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Beneficial Modulators of the Gut Microbiota

The overall goal of my research is to investigate the impact and mechanisms involved in the beneficial modulation of the gut microbiota by prebiotics (functional foods that stimulate growth of gut native beneficial bacteria) and probiotics (live bacteria that benefit their host). I specifically aim to develop prebiotic and probiotic interventions as alternatives to traditional treatments for microbiota-health related conditions, and to advance microbiota-based health surveillance methods.

Prebiotics are resistant to digestion in the upper gastrointestinal tract, arrive at the colon intact and increase the abundance of specific primary and secondary degraders with the final result of an expanded probiome, beneficial members of the intestinal microbiota. We have shown that pure prebiotics modulate gut microbiome composition and activity in humans and animal models increasing gut beneficial bacteria. In humans, the modulatory influence of pure galactooligosaccharides significantly improved clinical outcomes for lactose digestion and tolerance. Our current research investigate prebiotics as gut microbiome modulators of age-associated diseases to identify mechanisms of prebiosis in vulnerable populations.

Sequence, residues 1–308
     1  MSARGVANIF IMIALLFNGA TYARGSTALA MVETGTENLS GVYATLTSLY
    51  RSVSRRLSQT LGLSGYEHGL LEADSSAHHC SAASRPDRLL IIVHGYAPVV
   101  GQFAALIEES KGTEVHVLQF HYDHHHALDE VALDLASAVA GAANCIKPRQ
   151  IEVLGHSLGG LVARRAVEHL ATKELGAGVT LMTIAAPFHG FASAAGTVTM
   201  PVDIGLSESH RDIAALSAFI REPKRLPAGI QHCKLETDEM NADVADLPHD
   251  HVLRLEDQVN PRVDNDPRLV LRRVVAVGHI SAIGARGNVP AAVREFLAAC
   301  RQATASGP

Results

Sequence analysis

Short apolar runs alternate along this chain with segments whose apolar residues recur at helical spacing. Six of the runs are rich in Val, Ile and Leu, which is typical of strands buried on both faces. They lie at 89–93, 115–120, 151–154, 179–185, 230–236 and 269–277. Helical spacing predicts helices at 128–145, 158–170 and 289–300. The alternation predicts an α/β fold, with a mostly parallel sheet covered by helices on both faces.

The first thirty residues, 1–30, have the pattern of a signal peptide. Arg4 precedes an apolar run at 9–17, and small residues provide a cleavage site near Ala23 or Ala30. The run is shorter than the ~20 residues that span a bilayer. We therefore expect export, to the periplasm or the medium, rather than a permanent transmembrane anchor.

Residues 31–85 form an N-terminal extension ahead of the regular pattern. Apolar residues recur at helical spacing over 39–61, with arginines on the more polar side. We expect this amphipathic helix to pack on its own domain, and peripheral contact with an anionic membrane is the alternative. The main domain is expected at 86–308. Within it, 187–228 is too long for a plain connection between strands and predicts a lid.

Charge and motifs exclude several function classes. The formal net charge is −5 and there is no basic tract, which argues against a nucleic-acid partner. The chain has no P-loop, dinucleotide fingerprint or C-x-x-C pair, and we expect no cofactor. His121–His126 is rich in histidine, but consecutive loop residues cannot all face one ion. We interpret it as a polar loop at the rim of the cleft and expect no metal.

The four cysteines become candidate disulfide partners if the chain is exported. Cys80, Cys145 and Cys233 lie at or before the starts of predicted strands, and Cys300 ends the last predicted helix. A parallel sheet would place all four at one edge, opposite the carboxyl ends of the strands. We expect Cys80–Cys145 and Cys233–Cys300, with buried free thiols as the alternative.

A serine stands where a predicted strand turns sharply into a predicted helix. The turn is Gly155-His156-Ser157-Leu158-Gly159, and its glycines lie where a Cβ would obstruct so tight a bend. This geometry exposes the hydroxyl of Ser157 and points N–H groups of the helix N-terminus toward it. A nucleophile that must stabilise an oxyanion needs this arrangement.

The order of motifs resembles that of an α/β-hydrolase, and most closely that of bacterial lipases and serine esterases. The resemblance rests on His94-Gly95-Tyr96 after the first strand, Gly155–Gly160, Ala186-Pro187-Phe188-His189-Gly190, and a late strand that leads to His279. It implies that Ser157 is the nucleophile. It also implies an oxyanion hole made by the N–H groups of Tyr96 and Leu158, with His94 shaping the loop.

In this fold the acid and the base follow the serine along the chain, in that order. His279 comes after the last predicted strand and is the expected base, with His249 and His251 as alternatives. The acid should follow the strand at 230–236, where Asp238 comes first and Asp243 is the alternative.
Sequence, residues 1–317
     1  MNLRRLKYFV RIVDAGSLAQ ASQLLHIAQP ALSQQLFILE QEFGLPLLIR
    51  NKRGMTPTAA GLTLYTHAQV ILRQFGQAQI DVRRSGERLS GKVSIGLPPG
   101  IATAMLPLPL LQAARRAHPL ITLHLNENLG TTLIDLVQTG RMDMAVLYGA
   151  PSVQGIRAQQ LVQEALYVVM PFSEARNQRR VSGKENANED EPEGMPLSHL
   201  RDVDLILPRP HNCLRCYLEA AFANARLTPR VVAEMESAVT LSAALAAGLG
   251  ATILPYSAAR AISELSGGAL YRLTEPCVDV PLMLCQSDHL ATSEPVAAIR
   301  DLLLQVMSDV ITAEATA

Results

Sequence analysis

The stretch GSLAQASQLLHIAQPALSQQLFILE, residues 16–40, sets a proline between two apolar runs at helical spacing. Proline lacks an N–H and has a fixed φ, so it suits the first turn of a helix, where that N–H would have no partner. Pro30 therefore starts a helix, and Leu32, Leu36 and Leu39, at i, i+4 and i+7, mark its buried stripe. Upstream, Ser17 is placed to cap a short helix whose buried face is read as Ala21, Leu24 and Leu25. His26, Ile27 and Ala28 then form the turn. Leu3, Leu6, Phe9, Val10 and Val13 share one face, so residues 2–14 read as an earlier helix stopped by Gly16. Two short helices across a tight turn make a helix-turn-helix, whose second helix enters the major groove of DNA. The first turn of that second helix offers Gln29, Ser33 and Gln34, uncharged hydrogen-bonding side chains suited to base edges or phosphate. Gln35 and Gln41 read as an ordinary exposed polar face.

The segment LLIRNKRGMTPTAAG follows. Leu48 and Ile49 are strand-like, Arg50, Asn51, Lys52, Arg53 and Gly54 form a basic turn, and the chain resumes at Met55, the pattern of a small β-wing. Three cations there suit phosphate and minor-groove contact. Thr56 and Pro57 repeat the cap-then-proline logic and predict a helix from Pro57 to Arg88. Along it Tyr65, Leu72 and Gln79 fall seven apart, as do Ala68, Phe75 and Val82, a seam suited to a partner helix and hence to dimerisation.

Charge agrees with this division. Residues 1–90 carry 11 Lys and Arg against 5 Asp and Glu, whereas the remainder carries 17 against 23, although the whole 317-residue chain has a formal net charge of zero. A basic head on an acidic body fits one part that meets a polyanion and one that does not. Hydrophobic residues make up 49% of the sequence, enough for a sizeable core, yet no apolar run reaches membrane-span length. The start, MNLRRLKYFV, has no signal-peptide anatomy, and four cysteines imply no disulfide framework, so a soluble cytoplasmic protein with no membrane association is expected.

Probiotics can reduce the risk of common infectious and acute diarrheal illnesses, and can be an alternative to treatments with antibiotics or anti-inflammatory drugs. Large-scale microbiome studies have established that most of the bacterial diversity contained in the gastrointestinal tract is represented at the strain level. Hence genomic and physiological characterization of isolates of probiotic potential is essential to determine unique attributes that will allow for personalized interventions. Our lab is conducting functional genomics studies to determine genetic components contributing to probiotic survival in the gastrointestinal tract and capability to metabolize prebiotics.

Recent Publications